If you have already—either as a private citizen or as a clergyman—signed any other similar document, PLEASE SIGN THIS ALSO; as it is earnestly desired to embrace in this movement (as far as possible,) the unanimous clerical voice of New England.

    2. If deemed judicious, please exert your influence to get up and send immediately on to your Representative in the House, a similar protest from your own neighborhood. It is believed that a great number of such protests—even if less than one hundred legal voters should sign each one—will be of great consequence in indicating the general arousal of the slumbering sentiment of the North, on this fearfully important subject.

    3. It is respectfully submitted whether the present is not a crisis of sufficient magnitude and imminence of danger to the liberties and integrity of our nation, to warrant and even demand the services of the clergy of all denominations in arousing the masses of the people to its comprehension, through the Press and even the Pulpit.

    4. It is affectionately urged that it find frequent remembrance in all Christian supplications to Him who holds the hearts of all rulers in his hand, and, as the rivers of water, can turn them whithersoever He will.

    Affectionately yours,

    Boston, February 22, 1854.

  • 1855

    11/23/2015 6:11:44 PM PST · 135 of 153
    PeterPrinciple to DBrow

    From your source. Hadn’t realized there was a lot of action beyond just political. There were a lot of grass roots movement.


    This article, published in De Bow’s Review in May of 1854 and written by the Lafayette Emigration Society, was a call to southerners to emigrate to the Kansas territory, particularly those who owned slaves or could vote. Just as northern groups, such as the New England Emigrant Aid Company, sought to send free-soil immigrants to the Kansas territory in order to establish numerical and moral superiority in the territories by importing, as it were, numerous people from Massachusetts and New England, their southern counterparts sought to bring in enough southerners, slaveholders, and slaves to firmly establish slavery in the territory.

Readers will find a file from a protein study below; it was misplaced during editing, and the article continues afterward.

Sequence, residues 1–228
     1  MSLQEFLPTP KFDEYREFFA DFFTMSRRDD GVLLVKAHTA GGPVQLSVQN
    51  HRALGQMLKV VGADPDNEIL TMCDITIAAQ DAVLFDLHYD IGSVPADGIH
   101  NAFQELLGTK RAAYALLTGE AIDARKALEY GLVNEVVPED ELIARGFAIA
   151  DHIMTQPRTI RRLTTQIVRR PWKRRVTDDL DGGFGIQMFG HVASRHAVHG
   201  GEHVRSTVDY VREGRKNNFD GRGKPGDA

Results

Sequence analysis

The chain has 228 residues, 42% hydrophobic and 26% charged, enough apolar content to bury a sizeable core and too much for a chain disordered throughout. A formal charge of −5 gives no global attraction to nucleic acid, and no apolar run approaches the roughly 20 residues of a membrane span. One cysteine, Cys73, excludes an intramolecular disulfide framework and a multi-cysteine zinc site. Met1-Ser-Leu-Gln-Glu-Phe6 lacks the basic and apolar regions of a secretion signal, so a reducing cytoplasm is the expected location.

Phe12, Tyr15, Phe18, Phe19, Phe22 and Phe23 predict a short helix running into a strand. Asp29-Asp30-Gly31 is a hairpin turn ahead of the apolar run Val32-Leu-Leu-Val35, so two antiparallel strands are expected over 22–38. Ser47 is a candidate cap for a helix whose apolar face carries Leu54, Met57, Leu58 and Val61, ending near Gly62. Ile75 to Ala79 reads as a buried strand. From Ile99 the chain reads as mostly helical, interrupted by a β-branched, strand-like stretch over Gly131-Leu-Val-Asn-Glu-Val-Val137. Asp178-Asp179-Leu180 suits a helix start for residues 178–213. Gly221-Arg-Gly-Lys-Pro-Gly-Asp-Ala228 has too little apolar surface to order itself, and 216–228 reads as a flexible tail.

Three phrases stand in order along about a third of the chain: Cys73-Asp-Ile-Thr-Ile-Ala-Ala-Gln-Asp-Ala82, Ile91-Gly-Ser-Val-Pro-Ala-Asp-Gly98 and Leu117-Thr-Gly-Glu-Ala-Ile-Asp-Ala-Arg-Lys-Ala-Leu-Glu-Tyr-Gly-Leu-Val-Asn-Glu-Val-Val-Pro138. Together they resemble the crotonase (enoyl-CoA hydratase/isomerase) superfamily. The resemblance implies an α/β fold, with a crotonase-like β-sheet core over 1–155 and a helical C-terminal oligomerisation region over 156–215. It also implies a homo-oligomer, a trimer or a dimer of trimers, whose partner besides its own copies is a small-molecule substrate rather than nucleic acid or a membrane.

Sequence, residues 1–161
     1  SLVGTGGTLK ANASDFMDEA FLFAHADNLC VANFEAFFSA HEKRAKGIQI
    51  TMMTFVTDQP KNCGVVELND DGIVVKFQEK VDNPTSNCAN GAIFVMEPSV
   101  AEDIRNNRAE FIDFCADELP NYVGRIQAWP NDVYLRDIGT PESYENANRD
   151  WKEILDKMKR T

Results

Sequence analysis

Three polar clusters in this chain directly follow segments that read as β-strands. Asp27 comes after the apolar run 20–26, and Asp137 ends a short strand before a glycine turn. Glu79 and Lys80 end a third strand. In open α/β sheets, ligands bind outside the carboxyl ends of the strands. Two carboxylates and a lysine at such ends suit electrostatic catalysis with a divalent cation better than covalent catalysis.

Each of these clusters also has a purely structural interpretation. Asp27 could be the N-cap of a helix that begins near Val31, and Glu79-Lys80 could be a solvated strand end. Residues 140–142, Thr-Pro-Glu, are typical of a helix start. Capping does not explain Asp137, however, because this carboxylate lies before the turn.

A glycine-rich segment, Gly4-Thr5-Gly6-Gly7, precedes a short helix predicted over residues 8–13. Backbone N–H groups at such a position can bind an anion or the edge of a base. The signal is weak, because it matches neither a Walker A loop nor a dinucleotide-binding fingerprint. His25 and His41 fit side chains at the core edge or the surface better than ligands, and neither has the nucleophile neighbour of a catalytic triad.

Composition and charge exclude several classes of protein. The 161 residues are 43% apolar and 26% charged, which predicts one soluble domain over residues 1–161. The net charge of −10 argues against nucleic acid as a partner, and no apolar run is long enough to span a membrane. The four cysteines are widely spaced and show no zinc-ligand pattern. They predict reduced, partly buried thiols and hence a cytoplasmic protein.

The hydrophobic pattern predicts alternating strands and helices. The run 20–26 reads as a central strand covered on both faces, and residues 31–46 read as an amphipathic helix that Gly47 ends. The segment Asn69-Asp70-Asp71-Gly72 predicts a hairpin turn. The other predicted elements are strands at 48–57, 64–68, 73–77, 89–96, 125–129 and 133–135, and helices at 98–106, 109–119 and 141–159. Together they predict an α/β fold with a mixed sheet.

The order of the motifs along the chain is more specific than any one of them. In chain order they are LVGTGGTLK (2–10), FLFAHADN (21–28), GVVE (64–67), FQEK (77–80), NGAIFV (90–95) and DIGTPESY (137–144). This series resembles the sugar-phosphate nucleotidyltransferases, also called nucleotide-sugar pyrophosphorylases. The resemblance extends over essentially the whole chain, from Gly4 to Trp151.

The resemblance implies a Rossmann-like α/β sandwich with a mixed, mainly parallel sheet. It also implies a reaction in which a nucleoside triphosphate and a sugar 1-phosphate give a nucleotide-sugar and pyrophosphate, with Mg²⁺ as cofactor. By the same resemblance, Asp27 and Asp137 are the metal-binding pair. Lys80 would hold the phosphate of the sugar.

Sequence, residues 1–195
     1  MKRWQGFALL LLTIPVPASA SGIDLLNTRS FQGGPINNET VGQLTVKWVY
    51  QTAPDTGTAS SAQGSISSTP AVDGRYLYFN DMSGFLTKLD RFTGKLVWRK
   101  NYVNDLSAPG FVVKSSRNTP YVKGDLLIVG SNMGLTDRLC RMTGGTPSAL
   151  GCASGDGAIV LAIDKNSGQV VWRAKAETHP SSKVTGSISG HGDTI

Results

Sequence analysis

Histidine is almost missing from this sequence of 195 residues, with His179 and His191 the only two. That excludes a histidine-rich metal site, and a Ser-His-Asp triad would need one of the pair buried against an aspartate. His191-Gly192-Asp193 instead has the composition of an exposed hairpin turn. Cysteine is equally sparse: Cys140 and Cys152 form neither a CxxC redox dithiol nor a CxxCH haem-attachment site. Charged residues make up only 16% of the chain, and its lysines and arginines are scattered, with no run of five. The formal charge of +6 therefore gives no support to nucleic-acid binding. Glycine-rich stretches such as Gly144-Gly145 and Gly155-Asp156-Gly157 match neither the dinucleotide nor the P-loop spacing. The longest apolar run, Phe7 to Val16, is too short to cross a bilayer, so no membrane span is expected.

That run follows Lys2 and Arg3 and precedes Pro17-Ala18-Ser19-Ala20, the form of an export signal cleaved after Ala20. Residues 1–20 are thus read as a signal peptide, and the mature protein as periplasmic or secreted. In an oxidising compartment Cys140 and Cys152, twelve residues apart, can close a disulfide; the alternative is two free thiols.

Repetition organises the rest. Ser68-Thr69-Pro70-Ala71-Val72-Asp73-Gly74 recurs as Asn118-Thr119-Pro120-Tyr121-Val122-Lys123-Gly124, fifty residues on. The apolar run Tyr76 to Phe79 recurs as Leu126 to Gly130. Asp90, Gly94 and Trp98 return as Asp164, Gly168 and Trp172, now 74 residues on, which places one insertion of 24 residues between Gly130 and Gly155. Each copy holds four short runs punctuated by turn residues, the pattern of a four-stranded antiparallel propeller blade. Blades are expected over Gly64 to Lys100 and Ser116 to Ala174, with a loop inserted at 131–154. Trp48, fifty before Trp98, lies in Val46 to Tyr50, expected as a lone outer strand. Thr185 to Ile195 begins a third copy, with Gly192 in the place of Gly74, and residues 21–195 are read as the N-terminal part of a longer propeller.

De Bow’s Review was a periodical of “agricultural, commercial, and industrial progress and resources” established in New Orleans in 1846 by James D. B. De Bow (1820-1867). Its articles, largely written by De Bow himself, covered a range of topics including planting and agricultural reform, economics, and politics, all with a heavy emphasis on the South. From 1853 to 1857 he moved the headquarters of the periodical to Washington, D.C., where he was serving as superintendent of the U.S. Census. During this period, his sectionalist arguments in the Review became more fervent and frequent. By the outbreak of the Civil War, De Bow’s Review was the most widely circulated Southern periodical.

    This particular article was published while the Kansas-Nebraska Act was still being debated in Congress, but was already anticipating the increasing tension that would result from the adoption of popular sovereignty. By bringing into Kansas as many southerners and slaveholders who could vote as possible, they hoped to have a solid southern population by the time of the fall elections.

  • 1855

    11/23/2015 5:36:52 PM PST · 134 of 153
    PeterPrinciple to Homer_J_Simpson

    History of the Transcontinental Railroad

    The Railroad has a very interesting part in the Civil War.


    The Route

    None of the bills passed, because a route could not be decided on. Congress was split along geographical lines; northerners wanted a northern route and southerners wanted a southern route. This was because of the issue of slavery in the “New West” [Howard 57]. Since the “New West” really was new, there really wasn’t any slavery there yet. Congress was split over whether slavery should be permitted at all in these new states.